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Am J Physiol Regul Integr Comp Physiol. 2016 Dec 1;311(6):R1076-R1084. doi: 10.1152/ajpregu.00376.2016. Epub 2016 Oct 12.

Type 1 diabetes modulates cyclooxygenase- and nitric oxide-dependent mechanisms governing sweating but not cutaneous vasodilation during exercise in the heat.

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Human and Environmental Physiology Research Unit, School of Human Kinetics, University of Ottawa, Ottawa, Ontario, Canada.
Departments of Medicine, Cardiac Sciences and Community Health Sciences, Faculties of Medicine and Kinesiology, University of Calgary, Calgary, Alberta Canada; and.
Clinical Epidemiology Program, Ottawa Hospital Research Institute, Ottawa, Ontario, Canada.
Human and Environmental Physiology Research Unit, School of Human Kinetics, University of Ottawa, Ottawa, Ontario, Canada;


Both cyclooxygenase (COX) and nitric oxide synthase (NOS) contribute to sweating, whereas NOS alone contributes to cutaneous vasodilation during exercise in the heat. Here, we evaluated if Type 1 diabetes mellitus (T1DM) modulates these responses. Adults with (n = 11, 25 ± 5 yr) and without (n = 12, 24 ± 4 yr) T1DM performed two bouts of 30-min cycling at a fixed rate of heat production of 400 W in the heat (35°C); each followed by a 20- and 40-min recovery period, respectively. Sweat rate and cutaneous vascular conductance (CVC) were measured at four intradermal microdialysis sites treated with either 1) lactated Ringer (vehicle control site), 2) 10 mM ketorolac (nonselective COX inhibitor), 3) 10 mM NG-nitro-l-arginine methyl ester (nonselective NOS inhibitor), or 4) a combination of both inhibitors. In nondiabetic adults, separate and combined inhibition of COX and NOS reduced exercise sweat rate (P ≤ 0.05), and the magnitude of reductions were similar across sites. In individuals with T1DM, inhibition of COX resulted in an increase in sweat rate of 0.10 ± 0.09 and 0.09 ± 0.08 mg ·: min-1 ·: cm-2 for the first and second exercise bouts, respectively, relative to vehicle control site (P ≤ 0.05), whereas NOS inhibition had no effect on sweating. In both groups, NOS inhibition reduced CVC during exercise (P ≤ 0.05), although the magnitude of reduction did not differ between the nondiabetic and T1DM groups (exercise 1: -28 ± 10 vs. -23 ± 8% max, P = 0.51; exercise 2: -31 ± 12 vs. -24 ± 10% max, P = 0.38). We show that in individuals with T1DM performing moderate intensity exercise in the heat, NOS-dependent sweating but not cutaneous vasodilation is attenuated, whereas COX inhibition increases sweating.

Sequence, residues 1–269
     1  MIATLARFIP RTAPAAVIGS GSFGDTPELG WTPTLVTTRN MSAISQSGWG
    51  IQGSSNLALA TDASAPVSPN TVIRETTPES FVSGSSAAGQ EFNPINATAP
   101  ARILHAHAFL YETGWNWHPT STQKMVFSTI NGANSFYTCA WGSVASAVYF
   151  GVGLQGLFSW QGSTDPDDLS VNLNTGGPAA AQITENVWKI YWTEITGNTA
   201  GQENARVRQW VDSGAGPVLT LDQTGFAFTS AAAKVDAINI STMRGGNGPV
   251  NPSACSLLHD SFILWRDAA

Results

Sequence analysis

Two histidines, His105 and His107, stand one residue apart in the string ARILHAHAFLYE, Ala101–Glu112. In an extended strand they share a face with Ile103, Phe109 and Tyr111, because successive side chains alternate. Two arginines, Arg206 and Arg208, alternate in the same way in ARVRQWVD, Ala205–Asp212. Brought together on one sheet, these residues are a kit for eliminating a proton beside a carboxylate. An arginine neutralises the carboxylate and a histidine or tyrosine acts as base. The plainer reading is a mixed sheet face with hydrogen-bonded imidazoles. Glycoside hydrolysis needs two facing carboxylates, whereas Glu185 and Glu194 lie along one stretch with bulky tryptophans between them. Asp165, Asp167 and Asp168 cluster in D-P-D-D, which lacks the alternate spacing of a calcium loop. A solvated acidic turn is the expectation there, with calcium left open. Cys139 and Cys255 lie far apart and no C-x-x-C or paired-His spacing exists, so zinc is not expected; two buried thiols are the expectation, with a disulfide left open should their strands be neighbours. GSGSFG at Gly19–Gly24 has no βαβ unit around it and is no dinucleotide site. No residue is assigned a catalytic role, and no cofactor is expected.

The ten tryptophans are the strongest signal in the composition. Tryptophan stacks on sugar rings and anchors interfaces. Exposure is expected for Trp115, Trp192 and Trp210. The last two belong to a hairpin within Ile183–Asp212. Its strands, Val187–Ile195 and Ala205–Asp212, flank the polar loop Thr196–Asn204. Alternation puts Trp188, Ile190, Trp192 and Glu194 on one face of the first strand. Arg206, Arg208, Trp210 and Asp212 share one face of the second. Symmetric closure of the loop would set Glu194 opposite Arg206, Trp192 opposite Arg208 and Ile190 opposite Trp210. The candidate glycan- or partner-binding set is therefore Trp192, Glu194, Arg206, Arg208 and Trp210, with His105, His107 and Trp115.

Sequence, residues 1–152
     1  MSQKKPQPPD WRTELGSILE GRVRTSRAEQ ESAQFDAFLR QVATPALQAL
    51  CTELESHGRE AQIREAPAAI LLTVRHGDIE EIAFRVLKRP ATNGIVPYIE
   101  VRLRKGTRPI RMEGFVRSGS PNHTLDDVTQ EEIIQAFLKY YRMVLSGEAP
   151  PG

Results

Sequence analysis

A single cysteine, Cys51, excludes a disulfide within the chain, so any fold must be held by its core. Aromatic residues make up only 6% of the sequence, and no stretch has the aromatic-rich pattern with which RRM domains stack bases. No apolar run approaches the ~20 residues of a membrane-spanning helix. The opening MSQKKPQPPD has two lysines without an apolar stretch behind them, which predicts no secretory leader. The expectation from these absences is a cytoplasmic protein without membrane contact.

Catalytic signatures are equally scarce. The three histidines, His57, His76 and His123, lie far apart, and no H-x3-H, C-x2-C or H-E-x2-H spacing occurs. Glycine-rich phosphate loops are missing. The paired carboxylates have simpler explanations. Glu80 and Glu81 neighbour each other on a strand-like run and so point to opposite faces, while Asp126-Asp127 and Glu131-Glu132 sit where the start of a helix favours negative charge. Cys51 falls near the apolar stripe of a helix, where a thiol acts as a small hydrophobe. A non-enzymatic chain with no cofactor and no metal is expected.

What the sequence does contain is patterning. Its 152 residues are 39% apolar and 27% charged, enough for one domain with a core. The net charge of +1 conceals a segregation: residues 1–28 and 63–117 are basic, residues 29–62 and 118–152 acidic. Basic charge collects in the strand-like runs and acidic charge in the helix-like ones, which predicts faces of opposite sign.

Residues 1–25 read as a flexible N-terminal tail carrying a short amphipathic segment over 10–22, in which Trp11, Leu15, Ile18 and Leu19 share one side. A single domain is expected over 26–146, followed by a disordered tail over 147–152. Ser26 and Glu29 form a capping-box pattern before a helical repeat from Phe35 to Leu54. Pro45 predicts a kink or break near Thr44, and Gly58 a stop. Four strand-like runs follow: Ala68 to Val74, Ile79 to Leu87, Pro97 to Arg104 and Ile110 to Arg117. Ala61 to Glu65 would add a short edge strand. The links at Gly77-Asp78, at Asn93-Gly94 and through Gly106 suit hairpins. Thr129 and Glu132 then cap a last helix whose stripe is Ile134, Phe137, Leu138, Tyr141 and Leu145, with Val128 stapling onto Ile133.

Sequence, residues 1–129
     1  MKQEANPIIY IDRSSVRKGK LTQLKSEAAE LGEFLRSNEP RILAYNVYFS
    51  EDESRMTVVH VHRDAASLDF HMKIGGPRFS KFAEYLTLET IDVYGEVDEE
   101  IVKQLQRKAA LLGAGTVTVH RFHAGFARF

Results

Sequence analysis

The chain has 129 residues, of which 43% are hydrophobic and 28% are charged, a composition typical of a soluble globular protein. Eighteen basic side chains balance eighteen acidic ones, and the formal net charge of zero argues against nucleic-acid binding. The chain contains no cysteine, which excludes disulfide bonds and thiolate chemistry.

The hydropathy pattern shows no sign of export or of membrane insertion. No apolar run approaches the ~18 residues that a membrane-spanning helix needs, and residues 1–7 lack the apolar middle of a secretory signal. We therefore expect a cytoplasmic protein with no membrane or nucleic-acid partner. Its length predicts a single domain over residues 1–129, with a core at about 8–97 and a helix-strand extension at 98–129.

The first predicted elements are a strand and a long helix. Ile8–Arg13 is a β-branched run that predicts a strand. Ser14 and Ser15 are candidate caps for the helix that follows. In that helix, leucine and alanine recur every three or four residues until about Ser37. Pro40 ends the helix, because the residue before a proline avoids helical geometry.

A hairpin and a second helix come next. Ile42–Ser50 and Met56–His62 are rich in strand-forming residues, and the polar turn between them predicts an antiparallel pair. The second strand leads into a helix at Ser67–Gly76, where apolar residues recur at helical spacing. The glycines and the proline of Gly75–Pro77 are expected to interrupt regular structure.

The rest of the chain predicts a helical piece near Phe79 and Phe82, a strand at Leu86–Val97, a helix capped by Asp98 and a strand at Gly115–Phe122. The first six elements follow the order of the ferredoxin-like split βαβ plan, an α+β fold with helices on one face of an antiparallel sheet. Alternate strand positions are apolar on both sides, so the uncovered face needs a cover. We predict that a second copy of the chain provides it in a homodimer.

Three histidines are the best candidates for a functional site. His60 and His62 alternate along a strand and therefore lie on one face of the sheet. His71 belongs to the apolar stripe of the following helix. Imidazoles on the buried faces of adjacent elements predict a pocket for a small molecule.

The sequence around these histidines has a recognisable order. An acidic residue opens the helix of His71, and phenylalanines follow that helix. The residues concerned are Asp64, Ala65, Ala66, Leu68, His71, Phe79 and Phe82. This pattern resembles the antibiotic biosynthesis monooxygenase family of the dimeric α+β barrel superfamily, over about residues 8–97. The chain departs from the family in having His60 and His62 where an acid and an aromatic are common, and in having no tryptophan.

insulin dysregulation; microcirculation; prostaglandins; thermoregulation

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